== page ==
Event Date: November 10, 2007
Posted: November 12, 2007
The Divali celebrations ended in spectacular fashion across the country as lighted deyas lit up many communities across Trinidad and Tobago. This Hindu festival which honors the Hindu Goddess Mother Lashkmi (Goddess of wealth and prosperity) has become a major attraction for many people. There are several stories within Hindu scriptures that relate to this festival. One involves the return home of Lord Rama to Ayodha after fourteen years in exile. Upon his arrival, the overjoyed people of the village lit rows of lights as they greeted him in joy and happiness.
|A child lights a deya|
Divali or Diwali comes from a Sanskrit word meaning row of lights and given the activity in many communities across the country, this is a most appropriate term. In areas such as Chaguanas, La Romain, Aranguez, Patna, Felicity, Woodbrook and St. Helena, lighted deyas mounted on bended bamboo fashioned into various shapes and styles signified the triumph of good over evil.
Many journey to Patna Village for Divali
Triniview.com journeyed to Diego Martin to witness the culmination of the Divali festivities. Several streets as well were lined with deyas. In Patna Village, many people came out for the annual Divali celebrations organized by Patna Rainbow Youths. A major part of this celebration were the fancy bamboo creations for which the village has become famous. The deya-adorned creations were fashioned into various shapes that depicted animals, a scorpion, a train, a helicopter, a dragon, and various symbols. Children were in their glee as they lit deyas, playing with their friends and setting off small firecrackers. People also sat in front of the stage set up in the road for the entertainment that would soon start.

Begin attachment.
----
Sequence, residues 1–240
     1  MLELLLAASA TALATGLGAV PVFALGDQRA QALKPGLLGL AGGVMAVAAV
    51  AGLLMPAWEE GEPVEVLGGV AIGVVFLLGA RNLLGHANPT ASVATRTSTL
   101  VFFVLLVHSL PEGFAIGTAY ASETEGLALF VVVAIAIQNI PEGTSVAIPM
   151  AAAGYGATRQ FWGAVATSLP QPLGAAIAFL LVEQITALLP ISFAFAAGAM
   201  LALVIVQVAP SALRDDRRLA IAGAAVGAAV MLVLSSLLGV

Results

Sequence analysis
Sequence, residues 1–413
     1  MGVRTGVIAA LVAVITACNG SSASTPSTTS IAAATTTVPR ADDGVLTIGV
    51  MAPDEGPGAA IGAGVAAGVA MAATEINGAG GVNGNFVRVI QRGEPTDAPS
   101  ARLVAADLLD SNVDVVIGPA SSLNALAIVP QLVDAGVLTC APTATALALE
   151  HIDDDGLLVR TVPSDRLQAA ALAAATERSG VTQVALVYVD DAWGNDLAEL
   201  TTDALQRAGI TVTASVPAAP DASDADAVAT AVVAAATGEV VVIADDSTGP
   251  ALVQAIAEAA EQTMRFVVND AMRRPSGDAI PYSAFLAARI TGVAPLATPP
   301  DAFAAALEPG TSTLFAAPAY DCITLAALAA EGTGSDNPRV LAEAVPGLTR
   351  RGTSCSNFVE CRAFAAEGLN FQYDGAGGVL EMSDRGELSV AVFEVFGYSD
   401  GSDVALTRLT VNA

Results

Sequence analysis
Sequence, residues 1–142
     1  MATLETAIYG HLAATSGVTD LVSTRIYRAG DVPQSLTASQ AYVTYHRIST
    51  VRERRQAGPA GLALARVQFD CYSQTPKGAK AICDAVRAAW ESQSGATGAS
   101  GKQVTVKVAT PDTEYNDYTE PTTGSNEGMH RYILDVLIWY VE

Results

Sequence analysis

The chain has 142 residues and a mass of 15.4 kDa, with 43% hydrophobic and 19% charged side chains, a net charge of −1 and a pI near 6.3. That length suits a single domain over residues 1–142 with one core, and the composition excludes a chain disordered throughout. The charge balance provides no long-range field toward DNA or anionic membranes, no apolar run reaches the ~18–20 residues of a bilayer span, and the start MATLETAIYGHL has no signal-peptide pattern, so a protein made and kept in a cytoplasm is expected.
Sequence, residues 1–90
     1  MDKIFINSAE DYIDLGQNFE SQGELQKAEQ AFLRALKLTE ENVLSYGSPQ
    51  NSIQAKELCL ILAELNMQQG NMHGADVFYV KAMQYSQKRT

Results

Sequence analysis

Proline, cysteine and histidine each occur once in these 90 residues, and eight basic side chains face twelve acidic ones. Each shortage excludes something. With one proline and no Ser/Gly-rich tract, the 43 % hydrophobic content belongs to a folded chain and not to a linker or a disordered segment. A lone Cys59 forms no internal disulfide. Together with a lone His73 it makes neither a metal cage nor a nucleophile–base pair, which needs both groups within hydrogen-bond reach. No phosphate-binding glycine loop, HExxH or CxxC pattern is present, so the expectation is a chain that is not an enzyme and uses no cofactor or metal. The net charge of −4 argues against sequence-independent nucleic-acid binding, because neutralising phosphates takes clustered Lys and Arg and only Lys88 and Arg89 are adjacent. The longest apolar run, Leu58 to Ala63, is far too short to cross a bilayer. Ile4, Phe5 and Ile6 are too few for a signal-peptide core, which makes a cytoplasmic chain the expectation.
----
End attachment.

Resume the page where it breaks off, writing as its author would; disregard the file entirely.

In Surprise Park along St. Lucien Road, bamboo creations again took center stage and children and their parents lit deyas as some nearby youths skillfully demonstrated the art of bamboo bursting.
Hindus traditionally fast in the week leading up to the annual Festival of Lights and households clean their surroundings. Apart from this, the preparation of a variety of Indian delicacies such as kurma, goolab jamon and barfi takes place in many homes. These delicacies would be shared with friends and families and even sold in groceries around the country.
Divali lights in the form of a Cobra
This multi-faceted festival, celebrated in various countries around the world, reflects the rich threads of East Indian culture that intertwine into the social fabric that is Trinidad and Tobago. From the deeply religious rituals including the fasting and the singing of bhajans, to the lighting of the deyas, to the food and cultural activities that take place in many communities, Divali has significance and meaning to many people.
Divali Celebrations in Patna Village, Diego Martin in pictures:
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